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This Marine Is About To Run 161 Miles In Honor Of Fallen Servicewomen
“If it’s something you feel passionate about, your body can do it,” according to Marine Corps Capt. Maggie Seymour. While reeat’s easy for an experienced runner to say, 161 is a daunting number of miles to run.
As part of the nonprofit, Valor Run, Seymour will be doing just that: running one mile for each of the 161 women who gave their lives during operations in Iraq and Afghanistan over four consecutive days.
On Feb. 25, she will kick off the run alongside newly commissioned Navy Lt. Michelle Gosselin. And friends of both Gosselin and Seymour will participate and support them along the way.
In order to prepare for the race, Seymour said she does back-to-back workouts, paired with crossfit and yoga.
The route will go all the way from Los Angeles to San Diego. Of the length, Seymour suggested that this race is for people who have a history with distance.
“I’ve done distance. I don’t think it’s an event you can pick and just train for. I think you have to have a pretty strong lead already,” she said.
Seymour said the Valor Run has three main objectives.
The first is financial. Through the run, Valor Run will raise money for the organization, Team Red, White, & Blue, and will also establish a scholarship fund for children of service members.
The other two goals are more about the people. Seymour wants to show the families of the fallen that their service members are and will always be remembered. She also wants to raise awareness of the significance of women in combat and highlight for civilians that women are actually playing an integral role in the military — as much as their male counterparts
Navy Capt. Nancy Lacore was the first person to run the race in October 2014. She used the run to raise $33,000 for charity. Bridget Guerrero, a former Marine Corps major, became the second to complete the race in July 2015.
As for anyone interested in running a Valor Run race, Seymour said, “don’t be intimidated by the distance.”
My brother earned the Medal of Honor for saving countless lives — but only after he was left for dead
"As I learned while researching a book about John, the SEAL ground commander, Cmdr. Tim Szymanski, had stupidly and with great hubris insisted on insertion being that night."
Editor's Note: The following is an op-ed. The opinions expressed are those of the author, and do not necessarily reflect the views of Task & Purpose.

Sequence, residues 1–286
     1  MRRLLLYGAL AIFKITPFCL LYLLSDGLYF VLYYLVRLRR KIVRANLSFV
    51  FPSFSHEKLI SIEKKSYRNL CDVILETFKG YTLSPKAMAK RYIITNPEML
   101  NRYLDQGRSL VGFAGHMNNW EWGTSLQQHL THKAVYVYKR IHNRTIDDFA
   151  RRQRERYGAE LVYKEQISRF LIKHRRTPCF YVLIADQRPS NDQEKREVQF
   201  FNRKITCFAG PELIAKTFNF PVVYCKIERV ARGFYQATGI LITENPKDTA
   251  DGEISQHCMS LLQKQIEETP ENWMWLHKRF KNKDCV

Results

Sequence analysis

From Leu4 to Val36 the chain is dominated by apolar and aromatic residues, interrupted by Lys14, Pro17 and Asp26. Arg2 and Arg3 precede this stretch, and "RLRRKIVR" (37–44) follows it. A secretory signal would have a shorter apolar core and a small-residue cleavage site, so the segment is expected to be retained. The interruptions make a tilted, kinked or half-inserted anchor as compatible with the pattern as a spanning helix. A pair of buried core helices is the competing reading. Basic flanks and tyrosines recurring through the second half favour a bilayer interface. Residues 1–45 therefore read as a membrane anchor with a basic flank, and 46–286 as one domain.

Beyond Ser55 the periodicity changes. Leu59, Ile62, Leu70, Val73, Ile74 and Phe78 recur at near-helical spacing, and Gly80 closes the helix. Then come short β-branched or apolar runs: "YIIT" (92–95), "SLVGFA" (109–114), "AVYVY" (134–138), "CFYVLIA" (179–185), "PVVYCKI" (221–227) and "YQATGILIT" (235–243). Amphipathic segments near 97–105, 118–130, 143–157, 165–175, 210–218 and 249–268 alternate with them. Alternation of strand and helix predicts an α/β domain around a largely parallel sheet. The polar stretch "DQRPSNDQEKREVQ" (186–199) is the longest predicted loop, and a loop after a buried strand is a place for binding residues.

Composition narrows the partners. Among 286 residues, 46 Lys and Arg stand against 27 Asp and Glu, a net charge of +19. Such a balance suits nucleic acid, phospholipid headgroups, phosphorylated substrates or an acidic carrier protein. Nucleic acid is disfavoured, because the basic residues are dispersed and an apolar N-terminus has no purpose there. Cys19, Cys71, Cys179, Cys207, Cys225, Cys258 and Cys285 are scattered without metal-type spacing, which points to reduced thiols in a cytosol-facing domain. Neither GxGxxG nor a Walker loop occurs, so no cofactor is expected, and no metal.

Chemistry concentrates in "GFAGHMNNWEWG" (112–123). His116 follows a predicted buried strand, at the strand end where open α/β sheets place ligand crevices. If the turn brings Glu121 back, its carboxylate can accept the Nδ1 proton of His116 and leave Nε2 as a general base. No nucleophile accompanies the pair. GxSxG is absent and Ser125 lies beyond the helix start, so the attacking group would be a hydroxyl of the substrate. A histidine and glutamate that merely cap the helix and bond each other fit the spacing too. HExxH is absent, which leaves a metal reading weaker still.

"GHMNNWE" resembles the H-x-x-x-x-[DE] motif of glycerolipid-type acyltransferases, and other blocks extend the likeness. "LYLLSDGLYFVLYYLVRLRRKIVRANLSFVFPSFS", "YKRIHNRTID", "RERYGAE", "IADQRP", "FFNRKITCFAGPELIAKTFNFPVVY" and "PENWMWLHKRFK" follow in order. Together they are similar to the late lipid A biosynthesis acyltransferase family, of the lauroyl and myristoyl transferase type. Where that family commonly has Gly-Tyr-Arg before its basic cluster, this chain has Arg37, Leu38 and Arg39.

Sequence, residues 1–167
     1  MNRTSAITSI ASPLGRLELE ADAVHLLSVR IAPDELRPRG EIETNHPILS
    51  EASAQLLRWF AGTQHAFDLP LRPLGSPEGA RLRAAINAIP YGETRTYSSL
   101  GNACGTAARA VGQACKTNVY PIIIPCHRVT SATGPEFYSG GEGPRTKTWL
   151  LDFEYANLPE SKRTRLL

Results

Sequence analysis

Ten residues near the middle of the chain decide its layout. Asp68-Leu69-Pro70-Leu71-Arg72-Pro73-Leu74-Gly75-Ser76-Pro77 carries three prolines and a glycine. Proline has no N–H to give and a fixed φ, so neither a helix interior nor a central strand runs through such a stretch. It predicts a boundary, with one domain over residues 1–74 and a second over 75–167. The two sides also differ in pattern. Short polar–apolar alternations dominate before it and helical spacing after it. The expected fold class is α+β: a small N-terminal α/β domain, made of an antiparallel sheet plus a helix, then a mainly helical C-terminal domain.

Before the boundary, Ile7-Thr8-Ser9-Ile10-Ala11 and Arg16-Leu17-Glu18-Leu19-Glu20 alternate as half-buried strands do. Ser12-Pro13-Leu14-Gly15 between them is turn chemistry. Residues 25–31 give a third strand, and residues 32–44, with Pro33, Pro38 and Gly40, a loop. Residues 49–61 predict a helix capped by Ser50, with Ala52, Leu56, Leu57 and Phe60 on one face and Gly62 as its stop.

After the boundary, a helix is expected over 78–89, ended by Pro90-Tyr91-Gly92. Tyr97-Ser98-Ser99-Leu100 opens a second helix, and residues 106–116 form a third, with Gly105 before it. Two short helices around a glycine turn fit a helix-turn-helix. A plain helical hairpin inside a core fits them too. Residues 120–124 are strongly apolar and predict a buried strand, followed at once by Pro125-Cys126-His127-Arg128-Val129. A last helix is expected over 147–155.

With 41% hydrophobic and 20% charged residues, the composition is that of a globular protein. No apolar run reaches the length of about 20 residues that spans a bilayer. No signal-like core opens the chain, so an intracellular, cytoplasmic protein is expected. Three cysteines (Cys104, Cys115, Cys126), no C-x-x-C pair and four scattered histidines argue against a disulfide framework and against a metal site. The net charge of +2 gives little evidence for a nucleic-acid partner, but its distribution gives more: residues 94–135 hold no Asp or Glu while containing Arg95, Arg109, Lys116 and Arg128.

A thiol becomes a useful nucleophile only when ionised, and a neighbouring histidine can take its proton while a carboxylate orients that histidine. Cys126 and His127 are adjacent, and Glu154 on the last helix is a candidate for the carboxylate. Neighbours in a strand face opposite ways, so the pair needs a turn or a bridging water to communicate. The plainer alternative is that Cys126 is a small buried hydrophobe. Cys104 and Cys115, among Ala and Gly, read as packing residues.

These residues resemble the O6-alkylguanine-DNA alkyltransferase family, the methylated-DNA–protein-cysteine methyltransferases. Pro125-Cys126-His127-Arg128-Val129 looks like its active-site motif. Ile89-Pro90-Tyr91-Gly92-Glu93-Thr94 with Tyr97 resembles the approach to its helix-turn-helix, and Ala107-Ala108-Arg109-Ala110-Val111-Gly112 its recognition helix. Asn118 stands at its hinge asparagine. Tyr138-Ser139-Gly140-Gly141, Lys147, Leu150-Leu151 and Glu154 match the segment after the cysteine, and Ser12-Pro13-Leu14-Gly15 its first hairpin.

Air Force Master Sgt. John "Chappy" Chapman is my brother. As one of an elite group, Air Force Combat Control — the deadliest and most badass band of brothers to walk a battlefield — John gave his life on March 4, 2002 for brothers he never knew.
They were the brave men who comprised a Quick Reaction Force (QRF) that had been called in to rescue the SEAL Team 6 team (Mako-30) with whom he had been embedded, which left him behind on Takur Ghar, a desolate mountain in Afghanistan that topped out at over 10,000 feet.
As I learned while researching a book about John, the SEAL ground commander, Cmdr. Tim Szymanski, had stupidly and with great hubris insisted on insertion being that night. After many delays, the mission should and could have been pushed one day, but Szymanski ordered the team to proceed as planned, and Britt "Slab" Slabinski, John's team leader, fell into step after another SEAL team refused the mission.
But the "plan" went even more south when they made the rookie move to insert directly atop the mountain — right into the hands of the bad guys they knew were there.
Sen. Rick Scott is backing a bipartisan bill that would allow service members to essentially sue the United States government for medical malpractice if they are injured in the care of military doctors.
The measure has already passed the House and it has been introduced in the Senate, where Scott says he will sign on as a co-sponsor.
"As a U.S. Senator and member of the Senate Armed Services Committee, taking care of our military members, veterans and their families is my top priority," the Florida Republican said in a statement.
Little girls everywhere will soon have the chance to play with a set of classic little green Army soldiers that actually reflect the presence of women in the armed forces.
Russia established an air base in the Syrian city where withdrawing US troops were pelted with potatoes
MOSCOW (Reuters) - Russia landed attack helicopters and troops at a sprawling air base in northern Syria vacated by U.S. forces, the Russian Defence Ministry's Zvezda TV channel said on Friday.
On Thursday, Zvezda said Russia had set up a helicopter base at an airport in the northeastern Syrian city of Qamishli, a move designed to increase Moscow's control over events on the ground there.
Qamishli is the same city where Syrian citizens pelted U.S. troops and armored vehicles with potatoes after President Donald Trump vowed to pull U.S. troops from Syria.